Statements & positions
The Association for Progressive Communications Women’s Rights Programme (APC WRP) rejects and condemns systemic, technology-related violence against women in all its expressions. The acts of recording, photographing and documenting acts of sexual violence and further distribution and sharing are all part of the violence. With each view, share and forward, people are continuing and replicating the violence. These actions are not separate from structures of gender inequality and discrimination that enable sexual harassment, violence and assault to perpetuate.
Remarks from the Association for Progressive Communications on the occasion of the ITU's 2014 Plenipotentiary Conference
ISHR makes this statement on behalf of members of the Women Human Rights Defender International Coalition, an international network of women’s rights, human rights and sexual rights organizations. We address this simple fact: in the global North and South alike, women human rights defenders are targeted for murder, kidnapping, torture, rape, and harassment because of who we are and because of the work we do. As the Council strengthens its work on women generally, we note the critical need to integrate analysis and reporting on women human rights defenders who demand protection, respect and fulfillment of all human rights.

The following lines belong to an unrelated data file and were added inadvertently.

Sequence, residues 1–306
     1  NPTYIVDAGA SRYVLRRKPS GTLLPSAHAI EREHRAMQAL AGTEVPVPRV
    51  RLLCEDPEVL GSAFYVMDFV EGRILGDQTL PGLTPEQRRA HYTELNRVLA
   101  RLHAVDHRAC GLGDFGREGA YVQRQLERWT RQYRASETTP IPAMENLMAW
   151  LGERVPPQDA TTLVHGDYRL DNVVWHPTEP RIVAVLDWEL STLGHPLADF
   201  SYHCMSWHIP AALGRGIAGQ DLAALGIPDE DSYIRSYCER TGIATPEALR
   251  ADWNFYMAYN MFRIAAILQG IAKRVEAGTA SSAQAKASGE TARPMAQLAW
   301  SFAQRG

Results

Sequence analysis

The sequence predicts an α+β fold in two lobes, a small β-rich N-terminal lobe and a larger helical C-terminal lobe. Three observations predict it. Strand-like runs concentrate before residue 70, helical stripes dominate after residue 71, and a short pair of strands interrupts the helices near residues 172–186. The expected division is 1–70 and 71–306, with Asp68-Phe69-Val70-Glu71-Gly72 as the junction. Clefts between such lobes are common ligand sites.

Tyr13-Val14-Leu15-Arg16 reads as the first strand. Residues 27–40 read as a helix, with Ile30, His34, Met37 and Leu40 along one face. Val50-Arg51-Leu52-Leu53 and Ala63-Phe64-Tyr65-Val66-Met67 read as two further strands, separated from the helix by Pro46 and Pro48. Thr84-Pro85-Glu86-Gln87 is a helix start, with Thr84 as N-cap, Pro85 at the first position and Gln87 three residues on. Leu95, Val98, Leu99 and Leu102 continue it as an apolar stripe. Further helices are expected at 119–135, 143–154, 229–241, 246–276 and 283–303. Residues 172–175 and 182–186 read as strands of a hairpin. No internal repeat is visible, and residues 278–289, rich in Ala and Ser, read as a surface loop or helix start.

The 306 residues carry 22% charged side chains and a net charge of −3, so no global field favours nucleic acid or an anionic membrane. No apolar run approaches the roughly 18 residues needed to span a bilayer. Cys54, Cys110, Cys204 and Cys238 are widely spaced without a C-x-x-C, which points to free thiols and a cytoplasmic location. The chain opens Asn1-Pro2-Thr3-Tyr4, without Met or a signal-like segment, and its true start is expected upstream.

On 5 September 2014, Internet Governance Forum (IGF) 2014 participants from governments, civil society, the private sector, academic and technical communities agreed on key messages concerning the right to privacy in the digital age. The Association for Progressive Communications (APC) is now sharing these messages at the Human Rights Council 27th session in Geneva. Read the full statement from IGF 2014 participants.
Over three days, the participants discussed and debated intersections of gender, sexuality, and the internet – not only as a tool – but as a new public space. In thinking through these issues, the participants at the meeting developed a set of 15 feminist principles of the internet. These are designed to be an evolving document that informs our work on gender and technology, as well as influences our policy-making discussions when it comes to internet governance.